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EU Court Rejects Bid By Hungary And Slovakia To Avoid Taking Migrants

07 September 2017

"The Hungarian government considers today's decision by the European court to be appalling and irresponsible", Foreign Minister Peter Szijjarto told a news conference. Slovakia and Hungary denounced the plan at the time, citing their heterogeneous population, with a largely single ethnic representation, as an extra burden in resettling refugees.

Under global and European law, countries are required to grant asylum to people fleeing war or persecution but not those classed as economic migrants, the EU designation for most sub-Saharan Africans. The European Council's decision in September 2015 provided for 120,000 people "in clear need of global protection" to be relocated from Italy and Greece to other EU member states.

But the warning was met with a furious response by Eastern European countries who have opposed the system, highlighting escalating splits over how to deal with the ongoing migration crisis.

Photo Migrants waited in August to be rescued in the Mediterranean Sea.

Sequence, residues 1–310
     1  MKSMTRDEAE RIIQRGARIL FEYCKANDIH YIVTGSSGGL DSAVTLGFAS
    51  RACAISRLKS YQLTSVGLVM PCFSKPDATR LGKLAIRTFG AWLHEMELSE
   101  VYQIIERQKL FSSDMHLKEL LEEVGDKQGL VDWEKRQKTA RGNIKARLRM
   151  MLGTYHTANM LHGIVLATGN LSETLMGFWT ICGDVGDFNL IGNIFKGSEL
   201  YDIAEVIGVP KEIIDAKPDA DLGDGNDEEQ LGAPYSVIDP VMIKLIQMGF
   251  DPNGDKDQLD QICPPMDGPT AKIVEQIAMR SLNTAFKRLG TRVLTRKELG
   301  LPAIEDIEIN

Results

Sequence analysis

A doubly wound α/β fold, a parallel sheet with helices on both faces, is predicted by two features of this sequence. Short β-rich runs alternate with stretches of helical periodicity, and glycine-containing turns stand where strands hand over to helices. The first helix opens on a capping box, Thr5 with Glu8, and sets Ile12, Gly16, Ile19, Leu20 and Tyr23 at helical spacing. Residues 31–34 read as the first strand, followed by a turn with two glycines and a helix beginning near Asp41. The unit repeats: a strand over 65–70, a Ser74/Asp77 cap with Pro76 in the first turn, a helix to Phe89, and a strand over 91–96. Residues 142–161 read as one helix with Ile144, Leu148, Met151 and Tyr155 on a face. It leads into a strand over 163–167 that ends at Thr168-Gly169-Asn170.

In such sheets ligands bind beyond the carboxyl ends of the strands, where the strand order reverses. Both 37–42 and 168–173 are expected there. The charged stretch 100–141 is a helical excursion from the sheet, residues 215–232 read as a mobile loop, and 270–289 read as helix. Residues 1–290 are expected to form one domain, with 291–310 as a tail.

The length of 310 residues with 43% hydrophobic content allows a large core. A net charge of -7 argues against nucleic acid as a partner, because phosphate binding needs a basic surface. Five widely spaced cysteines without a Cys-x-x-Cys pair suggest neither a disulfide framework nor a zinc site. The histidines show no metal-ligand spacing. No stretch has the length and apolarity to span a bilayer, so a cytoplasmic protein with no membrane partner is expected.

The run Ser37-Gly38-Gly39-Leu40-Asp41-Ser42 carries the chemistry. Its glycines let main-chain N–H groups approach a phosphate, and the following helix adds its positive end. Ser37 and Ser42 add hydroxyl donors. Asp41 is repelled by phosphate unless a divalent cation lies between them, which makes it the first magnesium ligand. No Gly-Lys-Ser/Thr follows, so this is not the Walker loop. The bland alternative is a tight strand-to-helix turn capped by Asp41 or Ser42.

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Fico said the scheme was a temporary solution that will end on September 26.

The agreement provided for the relocation of up to 160,000 people across member states, but only about 25,000 have been transferred so far.

A looming question is whether the commission will renew the relocation program in defiance of countries like Hungary.

Mr Orban has made the fight against immigration and what he calls European Union meddling the key planks of his bid for re-election next year, and he has found allies in a Warsaw government that is clashing with Brussels over its push to exert more control over the judiciary, media and other areas of Polish life.

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Ms. Collett said Europe's leaders were increasingly focused on an effort to stop migrants from trying to get to Europe in the first place.

"The lesson of the verdict is that helping people fleeing war and terror is truly a common responsibility for Europe", the group said.

The European Union's top court has slapped down attempts by Hungary and Slovakia to block the relocation of thousands of asylum seekers. That measure, including payments of up to €6 billion to help Turkey manage its refugee population and a pledge to reinvigorate talks on the possibility of Turkey joining the bloc, slowed the flow across the Aegean route to a trickle.

Hungary's government built security fences on its borders with Serbia and Croatia two years ago to stop refugees and migrants entering the country along the so-called "Balkan route" from Turkey to Germany.

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The commission said on Wednesday that 27,695 asylum seekers have been relocated so far from Greece (19,244) and Italy (8,451).

EU Court Rejects Bid By Hungary And Slovakia To Avoid Taking Migrants